Call for Submissions

Feminism For Freaks

At its best, feminism offers an emancipatory potential from gendered oppression, inequality, and violence. At its worst, however, feminism can work to simply affirm the rights of middle-class, heterosexual,white women, and exclude the voices of already-marginalised groupssuch as women of colour, trans* women, sex workers and so on.

LikeDerrida’s democracy, a truly liberatory feminism is mostly a feminism to come. Not un-coincidentally, those marginalised groups of women are often demonised by the dominant culture, rendered as monstrous, simultaneously invisible and hyper-visible, compelling and threatening, desirable and disgusting–and forever denied a voice ofour own. The question of if and how monstrosity can be reclaimed or re-worked is a vexed one for feminists.

We therefore invite proposals that affirm the voices of socially excluded people, that seek to create new and exciting knowledge and address themselves to feminist theory and activism or the wider culture, on such topics including, but not limited to:
* Monstrous bodies and identities
* Social marginalisation and exclusions (for instance, borders, walls,and immigration laws, and the silencing of voices such as those of women of colour and transgendered people)
* Liberation/transformation/organisation
* sex work
* queer sexualities and genders
* BDSM
* Visible signs of difference (Muslim women wearing the veil, disabled bodies etc)
* religion and spirituality
* freaks in popular culture, body modification etc
* fat positivity

Academic, non-fiction and creative work will be considered–the call is broad, and we’re willing to accommodate new and interesting work by freaks of all kinds. Please submit abstracts of up to 250 words and a short bio by May 31st to estrangedcognition@hotmail.com and suzanmanuel@gmail.com

Feminist Carnival of Sexual Freedom and Autonomy

The Feminist Carnival of Sexual Freedom and Autonomy homepage is a collection of links to blogs that will host future editions of this carnival, promoting the sexual rights and freedom of women.

The first edition is up at Uncool blog.

The next edition will be held at Labyrinth Walk on the 21st April 2008. The call for submissions outlining possible themes is here.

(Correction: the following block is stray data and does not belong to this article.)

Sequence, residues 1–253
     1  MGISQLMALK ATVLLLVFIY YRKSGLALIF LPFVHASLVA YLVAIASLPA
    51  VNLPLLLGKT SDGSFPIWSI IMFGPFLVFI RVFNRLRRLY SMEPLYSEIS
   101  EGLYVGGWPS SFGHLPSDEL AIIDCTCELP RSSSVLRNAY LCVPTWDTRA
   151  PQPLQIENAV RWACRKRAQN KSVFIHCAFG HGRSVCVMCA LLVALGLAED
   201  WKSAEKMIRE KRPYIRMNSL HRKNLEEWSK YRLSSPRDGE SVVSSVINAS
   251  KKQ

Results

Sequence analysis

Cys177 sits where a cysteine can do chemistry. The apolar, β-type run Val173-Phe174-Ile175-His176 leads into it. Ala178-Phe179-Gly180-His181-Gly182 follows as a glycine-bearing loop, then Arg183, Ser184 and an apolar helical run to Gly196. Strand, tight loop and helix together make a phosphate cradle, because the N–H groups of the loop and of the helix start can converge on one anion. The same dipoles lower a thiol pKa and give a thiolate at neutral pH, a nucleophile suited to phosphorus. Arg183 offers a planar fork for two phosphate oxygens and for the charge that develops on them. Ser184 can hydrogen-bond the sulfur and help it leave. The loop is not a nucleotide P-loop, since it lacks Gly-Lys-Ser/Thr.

This theory of feminism is known more commonly as Sex Positive Feminism, a movement that developed in the 1980s in response to feminists against pornography and prostitution. Sex Positive Feminists (or sex-radical, pro-sex or sexually liberated feminists) believe that women’s sexual freedom is an essential part of women’s autonomy. Any legal or social control or regulation over the sexual self is an attempt to control and regulate women, undermines their freedom and infringes upon their human rights. We are interested in promoting sex workers’ rights, sex education in schools, and we encourage the free expression of sexualities.

“Experts” and Other Johns

It isn’t just second-rate poets. The publication of academic work on prostitution is an industry in itself, an obscenely wealthy competitor of the “sex sector.” In the 1800s, people read about the “diseased body” of the prostitute in works by William Acton and Havelock Ellis. These days, the New York Times and other periodicals lap up the advice of “prostitution experts” like Ronald Weitzer. 

The following is taken from an enlightening article “Do ‘High-Class’ Prostitutes Escape the Law?” from Cleveland.com:

Prostitution expert Ronald Weitzer of George Washington University says the way existing laws [against street prostitution] are enforced works just fine.

More at Sex! Work?

Vlogging as Advocacy / Expression Under Repression

boingboing.tv has on Ethan Zuckerman of Global Voices to talk about how videobloggers in Tunisia are producing videos that challenge government repression and the fallout from expressing themselves freely — having their conferences and workshops infiltrated by state police thugs, and activists being arrested for participating.

Tunisian Vloggers
(Click to play at boingboing.tv)

This reminded me of the sex worker activists and allies in Cambodia who are making karaoke protest videos, taking pop songs and imagery to remix political messages into a format that people across language and literacy differences can resonate with. Also cool connection: Tactical Tech Collective, who has been working with the Open Society Institute and global sex worker activists since last Spring to bring tech and advocacy together, was in Tunis at the conference discussed int the video above — more on that story here.

And of course it makes me even more excited for what RedLightDistrictChicago has in store for us for renegade video in July at the Desiree conference…!